|Old Norse name||Rauðøy Mikla|
|Meaning of name||big red island|
|OS grid reference|
|Area||1,773 hectares (6.8 sq mi)|
|Area rank||37 |
|Highest elevation||Mid Ward 172 metres (564 ft)|
|Sovereign state||United Kingdom|
|Council area||Shetland Islands|
|Population rank||43 |
Muckle Roe Lighthouse
|Location||Shetland, Shetland, United Kingdom|
|Year first constructed||1897 (first)|
|Year first lit||2001 (current)|
|Construction||metal skeletal tower (current)|
cast iron tower (first)
|Tower shape||quadrangular tower covered by aluminium panels with light on the top (current)|
octagonal tower with balcony and lantern
|Markings / pattern||white tower|
|Tower height||7 metres (23 ft) (current)|
8 metres (26 ft) (first)
|Focal height||30 metres (98 ft) (current)|
|Original lens||3rd order Fresnel lens (first)|
|Light source||solar power (current)|
|Characteristic||Fl WR 3s.|
|Managing agent||Northern Lighthouse Board|
'Muckle' is Scots for 'big' or 'great'.
In 1905 a bridge was built between Muckle Roe and the Shetland Mainland over Roe Sound at a cost of £1,020 met from public subscription and a grant from the Congested Districts Board. The construction was of iron and concrete and its completion was followed by a reversal in the population decline seen in the 19th and earlier 20th centuries. The bridge was later widened and strengthened, and opened on 22 October 1947 by the Convener of Zetland, W. Thomson Esq. Construction of a replacement bridge commenced in May 1998, the work being completed in January 1999. It was opened officially by Councillor Drew Ratter on 3 April 1999.
Geography and geology
Muckle Roe is approximately 3 miles (4.8 km) in diameter, with high cliffs in the south. Its highest point is Mid Ward 172 metres (564 ft).
Gilbert Williamson Wood (2 September 1828 – 24 September 1886), a merchant seaman, was born at Little Ayre and emigrated to Adelaide, Australia in 1853. He founded G. Wood, Son & Co. along with his eldest son Peter in 1876. The company produced goods under a number of brand names, including Anchor, Snowflake, Viking, and Medallion. He donated sums of money back to Muckle Roe, including funds towards the building of the first bridge to mainland Shetland, and the Muckle Roe Church of Scotland, which was completed in 1911. The remaining funds were used to purchase books and school bags for every child attending the local school. Some profits from the sale of Anchor butter went towards paraffin lamps for the chapel.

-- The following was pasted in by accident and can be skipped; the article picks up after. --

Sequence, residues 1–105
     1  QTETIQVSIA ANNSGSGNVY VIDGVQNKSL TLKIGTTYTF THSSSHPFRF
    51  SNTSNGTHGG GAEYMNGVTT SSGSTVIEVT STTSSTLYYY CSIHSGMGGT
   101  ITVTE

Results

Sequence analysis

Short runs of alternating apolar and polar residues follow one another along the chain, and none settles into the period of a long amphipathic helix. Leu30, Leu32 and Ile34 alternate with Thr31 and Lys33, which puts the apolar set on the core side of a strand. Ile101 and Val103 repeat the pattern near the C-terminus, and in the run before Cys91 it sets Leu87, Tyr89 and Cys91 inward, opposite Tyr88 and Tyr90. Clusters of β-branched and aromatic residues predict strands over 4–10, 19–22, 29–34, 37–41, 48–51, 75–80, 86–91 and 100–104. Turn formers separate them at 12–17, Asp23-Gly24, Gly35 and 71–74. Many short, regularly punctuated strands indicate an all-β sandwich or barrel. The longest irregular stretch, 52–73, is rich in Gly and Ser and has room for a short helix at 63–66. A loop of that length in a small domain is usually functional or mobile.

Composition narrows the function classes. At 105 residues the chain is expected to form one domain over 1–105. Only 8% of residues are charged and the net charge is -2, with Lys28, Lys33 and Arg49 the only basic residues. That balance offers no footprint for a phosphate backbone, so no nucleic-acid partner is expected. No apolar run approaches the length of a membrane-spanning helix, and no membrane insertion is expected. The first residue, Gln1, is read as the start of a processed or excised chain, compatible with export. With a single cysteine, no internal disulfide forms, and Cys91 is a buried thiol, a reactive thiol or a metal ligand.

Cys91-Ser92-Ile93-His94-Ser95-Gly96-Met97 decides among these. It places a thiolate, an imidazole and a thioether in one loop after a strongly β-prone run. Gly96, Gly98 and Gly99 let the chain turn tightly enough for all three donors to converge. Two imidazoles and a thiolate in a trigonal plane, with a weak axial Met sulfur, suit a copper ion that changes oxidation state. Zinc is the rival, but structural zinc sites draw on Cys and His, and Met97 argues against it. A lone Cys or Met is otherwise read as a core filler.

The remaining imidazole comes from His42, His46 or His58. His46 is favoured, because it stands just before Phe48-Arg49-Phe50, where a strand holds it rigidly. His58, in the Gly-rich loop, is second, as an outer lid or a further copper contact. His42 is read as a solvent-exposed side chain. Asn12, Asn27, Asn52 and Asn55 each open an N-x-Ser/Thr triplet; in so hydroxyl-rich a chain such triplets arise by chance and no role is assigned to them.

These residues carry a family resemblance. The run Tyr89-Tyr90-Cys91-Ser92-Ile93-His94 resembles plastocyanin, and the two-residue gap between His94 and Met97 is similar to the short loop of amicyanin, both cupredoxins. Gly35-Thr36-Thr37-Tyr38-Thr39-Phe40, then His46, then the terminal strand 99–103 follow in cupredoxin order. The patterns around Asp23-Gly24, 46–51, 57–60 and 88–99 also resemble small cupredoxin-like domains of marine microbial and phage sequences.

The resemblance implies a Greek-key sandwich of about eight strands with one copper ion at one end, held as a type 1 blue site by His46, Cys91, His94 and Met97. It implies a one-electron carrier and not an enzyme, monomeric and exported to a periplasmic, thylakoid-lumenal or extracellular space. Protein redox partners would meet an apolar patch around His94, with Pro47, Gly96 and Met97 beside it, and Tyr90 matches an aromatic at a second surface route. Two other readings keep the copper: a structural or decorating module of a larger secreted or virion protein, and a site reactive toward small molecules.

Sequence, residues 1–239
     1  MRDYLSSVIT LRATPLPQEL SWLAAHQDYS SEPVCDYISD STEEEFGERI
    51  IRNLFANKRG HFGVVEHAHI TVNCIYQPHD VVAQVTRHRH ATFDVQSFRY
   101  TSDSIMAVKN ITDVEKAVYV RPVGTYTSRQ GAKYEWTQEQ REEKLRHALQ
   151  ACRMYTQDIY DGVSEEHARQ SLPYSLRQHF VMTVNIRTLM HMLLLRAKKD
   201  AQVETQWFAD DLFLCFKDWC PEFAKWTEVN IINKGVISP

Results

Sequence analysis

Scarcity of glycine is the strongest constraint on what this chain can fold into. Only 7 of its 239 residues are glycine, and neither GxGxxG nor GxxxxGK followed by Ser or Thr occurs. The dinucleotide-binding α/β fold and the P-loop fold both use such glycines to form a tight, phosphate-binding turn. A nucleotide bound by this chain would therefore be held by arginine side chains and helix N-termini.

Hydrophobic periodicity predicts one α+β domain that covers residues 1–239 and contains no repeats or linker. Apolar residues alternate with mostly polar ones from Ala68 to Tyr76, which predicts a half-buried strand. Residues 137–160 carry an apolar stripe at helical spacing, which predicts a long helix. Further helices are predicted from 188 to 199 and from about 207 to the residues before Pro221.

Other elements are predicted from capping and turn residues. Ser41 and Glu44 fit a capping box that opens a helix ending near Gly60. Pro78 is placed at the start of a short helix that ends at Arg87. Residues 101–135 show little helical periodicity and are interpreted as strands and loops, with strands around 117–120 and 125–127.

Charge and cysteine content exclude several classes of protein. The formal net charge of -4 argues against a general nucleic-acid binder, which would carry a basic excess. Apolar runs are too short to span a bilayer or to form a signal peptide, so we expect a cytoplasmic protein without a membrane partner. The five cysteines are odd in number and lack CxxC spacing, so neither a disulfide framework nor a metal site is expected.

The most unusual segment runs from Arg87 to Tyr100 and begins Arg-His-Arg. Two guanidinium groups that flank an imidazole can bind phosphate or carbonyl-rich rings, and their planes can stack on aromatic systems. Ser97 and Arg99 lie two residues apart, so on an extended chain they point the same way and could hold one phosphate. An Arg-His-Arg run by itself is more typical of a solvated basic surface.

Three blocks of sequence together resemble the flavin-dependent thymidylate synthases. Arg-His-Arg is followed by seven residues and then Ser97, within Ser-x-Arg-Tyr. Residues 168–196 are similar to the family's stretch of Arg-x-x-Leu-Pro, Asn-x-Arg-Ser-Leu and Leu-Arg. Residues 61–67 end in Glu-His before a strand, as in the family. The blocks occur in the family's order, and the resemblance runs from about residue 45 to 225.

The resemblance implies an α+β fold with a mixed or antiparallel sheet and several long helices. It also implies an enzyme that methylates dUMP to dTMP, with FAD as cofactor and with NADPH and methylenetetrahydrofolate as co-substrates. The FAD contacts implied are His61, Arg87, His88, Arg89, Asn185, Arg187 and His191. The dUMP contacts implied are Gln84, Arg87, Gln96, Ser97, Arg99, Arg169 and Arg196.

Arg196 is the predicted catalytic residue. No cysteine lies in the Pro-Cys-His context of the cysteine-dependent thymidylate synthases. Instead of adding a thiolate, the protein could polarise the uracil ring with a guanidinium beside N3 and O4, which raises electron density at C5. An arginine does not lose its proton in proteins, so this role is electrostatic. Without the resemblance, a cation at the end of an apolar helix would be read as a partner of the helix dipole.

- Waugh (2007) p. 541
- Ordnance Survey. OS Maps Online (Map). 1:25,000. Leisure.
- Area and population ranks: there are c. 300 islands over 20 ha in extent and 93 permanently inhabited islands were listed in the 2011 census.
- National Records of Scotland (15 August 2013). "Appendix 2: Population and households on Scotland's Inhabited Islands" (PDF). Statistical Bulletin: 2011 Census: First Results on Population and Household Estimates for Scotland Release 1C (Part Two) (PDF) (Report). SG/2013/126. Retrieved 14 August 2020.
- Haswell-Smith (2004) p. 406
- Fraser, Allen (2002) The Edinburgh Geologist: Old Norse and Norn names in Shetland. Issue 39 Archived 16 May 2007 at the Wayback Machine Retrieved 14 April 2007.
- Keay & Keay, (1994) p. 711
- Muckle Roe marinetraffic.com. Retrieved 31 May 2016
- Muckle Roe (Swarbacks Minn) The Lighthouse Directory. University of North Carolina at Chapel Hill. Retrieved 31 May 2016
- Haswell-Smith (2004) p. 440
- Anderson, Joseph (Ed.) (1893) Orkneyinga Saga. Translated by Jón A. Hjaltalin & Gilbert Goudie. Edinburgh. James Thin and Mercat Press (1990 reprint). ISBN 0-901824-25-9
- Nicolson (1972) p. 108
- "Read the Plaque - Muckle Roe: Bridge Plaques". Read the Plaque. Retrieved 8 January 2020.
- "Overview of Muckle Roe". Gazetteer for Scotland. Retrieved 6 January 2008.
- "Gilbert Williamson WOOD, Shetland Family History". Bayanne. Retrieved 8 January 2020.
- Haswell-Smith, Hamish (2004). The Scottish Islands. Edinburgh: Canongate. ISBN 978-1-84195-454-7.
- Keay, J. & Keay, J. (1994) Collins Encyclopaedia of Scotland. London. HarperCollins.
- Nicolson, James R. (1972) Shetland. Newton Abbott. David & Charles.
- Waugh, Doreen "Placing Papa Stour in Context" in Ballin Smith, Beverley; Taylor, Simon; and Williams, Gareth (2007) West over Sea: Studies in Scandinavian Sea-Borne Expansion and Settlement Before 1300. Leiden. Brill. ISBN 97890-04-15893-1
|Wikimedia Commons has media related to Muckle Roe.|